It’s been a part of my life for as long as I can remember.
I didn’t understand it then, as a three-year-old asking questions about my father–the mysterious man with the gentle smile from the picture.
I understand it even less now, forty-two years later as I’ve seen grief in action on the faces of many of my loved ones.
My heart is tuned in to those who hurt, who grieve, who wonder how they can find a way to go on when half of them is missing. Their stories stop me in my tracks, and I have no choice but to reach out to them. Not because I have any answers, but because I get it.
Sometimes, I am left speechless by their stories. The depths of their pain is matched only by the depths of their faith. As their bodies are ravaged by disease, their spirits inch so close to Heaven that they can feel it, smell it, and taste it.
And then they are able to explain it to the rest of us. The ones who still don’t understand.
Sara Pigg Walker was one of those people. Though she was not a personal friend of mine, that didn’t stop her from changing my life.
Sara’s story of cancer began on what should have been one of the happiest days of her life. The day her daughter, Anna, was born on December 6, 2010. For reasons doctors could not explain, especially given the textbook pregnancies and deliveries of Sara’s first two children, Anna ceased to live a couple of weeks before her due date. Anna’s birthdate and date of death were one and the same.
And Sara and her family were left to wonder why.
Within a month, Sara soon learned, on her 33rd birthday, that she had stage IV colon cancer that had spread into her liver.
And so her fight began even in the midst of her grief. Sara started to share her story in CaringBridge, a site one would never choose to become a part of, and she posted her questions, thoughts, dreams, prayers, struggles, fears, cherished moments of savoring every minute, and her most intimate conversations with God. Even the ones where she questioned His existence. But also the ones where she questioned why how so many people had grown to care about shy, little Sara.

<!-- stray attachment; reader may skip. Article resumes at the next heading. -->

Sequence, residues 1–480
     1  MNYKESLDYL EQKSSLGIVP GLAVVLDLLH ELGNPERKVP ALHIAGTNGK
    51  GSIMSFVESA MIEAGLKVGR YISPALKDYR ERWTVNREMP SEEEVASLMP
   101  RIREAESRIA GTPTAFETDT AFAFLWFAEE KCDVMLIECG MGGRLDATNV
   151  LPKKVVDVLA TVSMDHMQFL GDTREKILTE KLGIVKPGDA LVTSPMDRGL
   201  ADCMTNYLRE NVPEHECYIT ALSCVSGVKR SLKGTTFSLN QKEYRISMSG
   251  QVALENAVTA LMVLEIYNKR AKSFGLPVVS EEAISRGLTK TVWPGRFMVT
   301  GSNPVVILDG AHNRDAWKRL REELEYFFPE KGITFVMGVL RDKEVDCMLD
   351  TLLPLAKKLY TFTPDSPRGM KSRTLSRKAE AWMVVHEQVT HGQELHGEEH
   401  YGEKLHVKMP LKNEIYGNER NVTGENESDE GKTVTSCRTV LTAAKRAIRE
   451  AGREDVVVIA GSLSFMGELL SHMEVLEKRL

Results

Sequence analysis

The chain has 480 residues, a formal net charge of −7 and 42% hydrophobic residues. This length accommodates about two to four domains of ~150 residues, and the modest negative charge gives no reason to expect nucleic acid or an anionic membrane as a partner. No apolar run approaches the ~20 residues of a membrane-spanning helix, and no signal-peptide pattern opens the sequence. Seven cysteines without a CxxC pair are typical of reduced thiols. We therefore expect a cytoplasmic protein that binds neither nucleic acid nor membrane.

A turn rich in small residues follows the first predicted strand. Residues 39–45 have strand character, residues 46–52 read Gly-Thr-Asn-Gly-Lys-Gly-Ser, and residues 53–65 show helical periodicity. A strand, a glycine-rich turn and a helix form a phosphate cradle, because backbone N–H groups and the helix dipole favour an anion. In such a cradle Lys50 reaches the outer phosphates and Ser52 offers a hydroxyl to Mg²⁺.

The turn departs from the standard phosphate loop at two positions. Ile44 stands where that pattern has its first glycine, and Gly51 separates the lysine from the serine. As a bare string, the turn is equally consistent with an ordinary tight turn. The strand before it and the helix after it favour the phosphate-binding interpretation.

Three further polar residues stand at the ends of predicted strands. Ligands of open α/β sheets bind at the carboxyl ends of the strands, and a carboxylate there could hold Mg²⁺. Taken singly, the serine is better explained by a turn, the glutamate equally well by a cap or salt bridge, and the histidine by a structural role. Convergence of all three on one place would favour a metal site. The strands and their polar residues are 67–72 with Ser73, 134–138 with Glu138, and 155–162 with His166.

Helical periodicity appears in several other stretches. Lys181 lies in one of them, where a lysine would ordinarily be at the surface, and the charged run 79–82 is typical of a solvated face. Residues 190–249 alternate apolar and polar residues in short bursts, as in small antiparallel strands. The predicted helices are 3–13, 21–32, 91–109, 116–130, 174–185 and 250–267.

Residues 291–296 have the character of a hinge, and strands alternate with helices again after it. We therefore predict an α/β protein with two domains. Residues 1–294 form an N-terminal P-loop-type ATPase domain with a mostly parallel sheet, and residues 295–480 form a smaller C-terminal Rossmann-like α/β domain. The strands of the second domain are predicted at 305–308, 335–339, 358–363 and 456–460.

Sara dared to ask ‘why?’ as she knelt at the throne of God, and though she probably never got the question answered in a way she could understand, she began to learn just how much God truly loved her. Through the loss of her daughter and through her battle with cancer, Sara demonstrated to anyone willing to read her treasured words what it was like to be so close to Heaven, you could almost taste it.
She saw things through eyes that we, in our broken, human form, cannot comprehend.
You just have to read it for yourself. My personal favorite post was dated February 28, 2012, and was a testimony of her amazement at the true love of her husband, Brian. Her words, because of her battles and the way she fought them, matter in a way that will last forever.
Sara was laid to rest last week, and there are hundreds of thousands of prayer partners who are left to wonder why.
This is what I would tell them if I could. It’s the same thing God told me as a child when I asked the question, “Why can’t Daddy come home?”
“Because sometimes I choose to heal in a way that lasts for eternity. And once I do that, they are so perfect that only Heaven can hold them. And I love you enough to give you even more reasons to come here, and I will see you soon.”
Sometimes I think God loves it when we take the time to ask ‘why?’ because it proves that we trust Him enough to listen for His answers.
And to Daddy, Sara, Anna and all the others, we will see you soon. I can’t wait to meet each of you in person.